Dog owner in court after 'out-of-control' Alsatian bit and injured farmer
PUBLISHED: 16:21 18 January 2020 | UPDATED: 16:21 18 January 2020
An 'absolutely devastated' dog owner has been ordered to pay £500 in compensation after her Alsatian sunk its teeth into a farmer's arm.
Sandra Nagle was walking two dogs in a field near Bury St Edmunds when the attack happened on April 13 last year.
The 58-year-old appeared before Suffolk Magistrates' Court on Friday to admit being in charge of a dangerously out-of-control dog.
Prosecutor Wayne Ablett said the farmer had approached Nagle after seeing her walking the dogs while driving past one of his fields in Whepstead.
"As he walked towards her, she shouted for him to get back in the vehicle," added Mr Ablett.
"When one of the dogs ran towards him and began jumping up, he put up his left arm to protect himself, but was bitten on two or three occasions."
After managing to command the dog to return, Nagle attached leads to both dogs and apologised to the farmer, but was initially reluctant to share her details, according to the prosecution.
The victim was taken to hospital for his injuries to be stitched and wrapped in medical dressing.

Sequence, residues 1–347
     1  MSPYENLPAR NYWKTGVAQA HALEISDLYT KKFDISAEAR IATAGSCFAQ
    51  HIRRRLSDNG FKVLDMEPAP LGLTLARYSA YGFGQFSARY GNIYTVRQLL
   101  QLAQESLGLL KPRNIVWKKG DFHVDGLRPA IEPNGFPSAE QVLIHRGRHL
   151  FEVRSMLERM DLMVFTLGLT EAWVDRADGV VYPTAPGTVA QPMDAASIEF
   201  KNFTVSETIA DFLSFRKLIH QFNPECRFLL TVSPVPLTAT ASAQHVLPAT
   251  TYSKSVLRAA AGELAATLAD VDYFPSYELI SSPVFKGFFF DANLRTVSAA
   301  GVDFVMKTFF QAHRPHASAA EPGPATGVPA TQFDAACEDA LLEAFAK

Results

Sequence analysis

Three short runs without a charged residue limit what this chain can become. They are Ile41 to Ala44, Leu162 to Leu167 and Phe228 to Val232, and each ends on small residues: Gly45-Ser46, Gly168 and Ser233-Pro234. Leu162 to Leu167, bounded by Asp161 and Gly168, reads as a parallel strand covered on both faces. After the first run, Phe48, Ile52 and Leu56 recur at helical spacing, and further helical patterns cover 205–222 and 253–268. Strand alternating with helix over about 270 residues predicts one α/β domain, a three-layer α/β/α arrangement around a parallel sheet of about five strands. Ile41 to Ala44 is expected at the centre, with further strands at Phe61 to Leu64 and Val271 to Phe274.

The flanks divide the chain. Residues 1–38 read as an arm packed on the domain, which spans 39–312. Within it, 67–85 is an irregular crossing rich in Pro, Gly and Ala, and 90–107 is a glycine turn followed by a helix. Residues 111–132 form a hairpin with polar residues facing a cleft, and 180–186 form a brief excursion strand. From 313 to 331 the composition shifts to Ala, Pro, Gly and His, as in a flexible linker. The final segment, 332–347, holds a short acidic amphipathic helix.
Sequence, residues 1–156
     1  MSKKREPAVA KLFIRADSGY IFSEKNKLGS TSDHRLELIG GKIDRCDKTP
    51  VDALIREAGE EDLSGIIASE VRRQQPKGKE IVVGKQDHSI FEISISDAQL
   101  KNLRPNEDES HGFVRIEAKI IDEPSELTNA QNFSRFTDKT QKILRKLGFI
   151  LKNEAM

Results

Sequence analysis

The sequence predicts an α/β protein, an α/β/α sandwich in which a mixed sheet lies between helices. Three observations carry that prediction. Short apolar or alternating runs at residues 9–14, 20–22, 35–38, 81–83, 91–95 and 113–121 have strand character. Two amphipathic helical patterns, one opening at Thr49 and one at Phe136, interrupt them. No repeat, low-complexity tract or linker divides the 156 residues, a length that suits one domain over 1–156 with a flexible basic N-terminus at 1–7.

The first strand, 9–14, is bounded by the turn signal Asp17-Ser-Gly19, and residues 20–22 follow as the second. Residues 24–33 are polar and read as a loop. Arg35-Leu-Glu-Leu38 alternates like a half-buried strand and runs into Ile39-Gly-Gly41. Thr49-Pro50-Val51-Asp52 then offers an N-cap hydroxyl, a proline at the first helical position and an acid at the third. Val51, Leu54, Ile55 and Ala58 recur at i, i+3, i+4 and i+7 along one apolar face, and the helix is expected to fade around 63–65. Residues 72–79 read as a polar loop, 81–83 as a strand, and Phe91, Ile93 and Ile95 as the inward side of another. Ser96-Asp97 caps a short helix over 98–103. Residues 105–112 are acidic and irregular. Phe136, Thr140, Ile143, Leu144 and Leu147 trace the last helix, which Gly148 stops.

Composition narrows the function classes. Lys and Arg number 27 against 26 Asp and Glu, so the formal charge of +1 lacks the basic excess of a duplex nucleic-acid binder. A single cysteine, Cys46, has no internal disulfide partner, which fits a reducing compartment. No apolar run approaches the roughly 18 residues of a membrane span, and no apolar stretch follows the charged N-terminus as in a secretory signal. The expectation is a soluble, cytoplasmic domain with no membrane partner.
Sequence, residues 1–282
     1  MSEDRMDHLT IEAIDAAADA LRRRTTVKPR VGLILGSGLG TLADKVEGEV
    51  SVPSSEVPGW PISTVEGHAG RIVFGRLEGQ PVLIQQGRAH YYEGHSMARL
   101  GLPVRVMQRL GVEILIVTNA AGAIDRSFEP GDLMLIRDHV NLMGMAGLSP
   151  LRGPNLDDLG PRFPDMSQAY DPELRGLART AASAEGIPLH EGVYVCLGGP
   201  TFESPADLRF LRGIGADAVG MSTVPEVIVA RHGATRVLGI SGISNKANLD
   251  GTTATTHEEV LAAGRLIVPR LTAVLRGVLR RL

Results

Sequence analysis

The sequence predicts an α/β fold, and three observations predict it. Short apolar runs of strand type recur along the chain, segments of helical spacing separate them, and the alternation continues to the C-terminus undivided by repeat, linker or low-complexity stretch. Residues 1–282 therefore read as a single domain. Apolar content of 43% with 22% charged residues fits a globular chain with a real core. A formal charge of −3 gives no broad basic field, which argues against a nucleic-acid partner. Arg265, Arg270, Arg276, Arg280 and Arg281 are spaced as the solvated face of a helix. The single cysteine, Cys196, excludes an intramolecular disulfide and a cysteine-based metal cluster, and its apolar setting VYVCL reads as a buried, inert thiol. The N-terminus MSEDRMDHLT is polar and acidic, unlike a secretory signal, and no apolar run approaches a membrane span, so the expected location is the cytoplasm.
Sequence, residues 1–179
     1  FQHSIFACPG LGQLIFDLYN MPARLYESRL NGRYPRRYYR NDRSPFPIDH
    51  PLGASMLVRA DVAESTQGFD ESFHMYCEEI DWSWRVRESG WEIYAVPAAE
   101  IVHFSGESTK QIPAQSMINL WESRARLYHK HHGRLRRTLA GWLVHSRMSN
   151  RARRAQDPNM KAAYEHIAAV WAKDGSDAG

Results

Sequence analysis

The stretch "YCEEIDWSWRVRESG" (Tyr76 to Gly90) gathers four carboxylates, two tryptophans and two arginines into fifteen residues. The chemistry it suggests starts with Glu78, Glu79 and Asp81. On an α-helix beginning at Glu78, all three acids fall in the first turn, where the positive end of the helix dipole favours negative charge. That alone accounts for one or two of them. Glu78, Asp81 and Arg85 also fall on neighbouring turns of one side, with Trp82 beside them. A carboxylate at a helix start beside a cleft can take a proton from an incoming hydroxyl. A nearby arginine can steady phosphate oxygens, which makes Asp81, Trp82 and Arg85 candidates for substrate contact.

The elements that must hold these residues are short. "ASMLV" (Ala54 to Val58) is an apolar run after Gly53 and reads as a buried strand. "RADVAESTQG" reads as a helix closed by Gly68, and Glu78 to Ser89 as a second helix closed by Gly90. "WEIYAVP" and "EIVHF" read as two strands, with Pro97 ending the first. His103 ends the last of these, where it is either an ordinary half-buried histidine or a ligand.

In interview, Nagle said the dog, a black Alsatian named Mister Bear, had never before acted in such a way.
David Shipman, mitigating, said Nagle was a woman of previously good character and a keeper of dogs for many years.
"She was extremely upset by the incident," he added.
"The dog had never shown any tendency of this nature.
"She had used the field to walk her dogs for 18 months since moving to the area, but didn't appreciate it was private land and thought it looked like a footpath or bridleway.
"It seems the owner had some problems with people being on the land in the past."
Mr Shipman said Nagle believed the dog had reacted in an instinctively protective way to the perceived threat of an 'aggressive' confrontation.
"She is absolutely devastated," added Mr Shipman, who presented magistrates with favourable references to the dog's temperament from family and neighbours.
Magistrates were spared having to order destruction of the dog, which had since been put down due to ill health.
Nagle was ordered to pay £500 in compensation and £145 towards the cost of prosecution.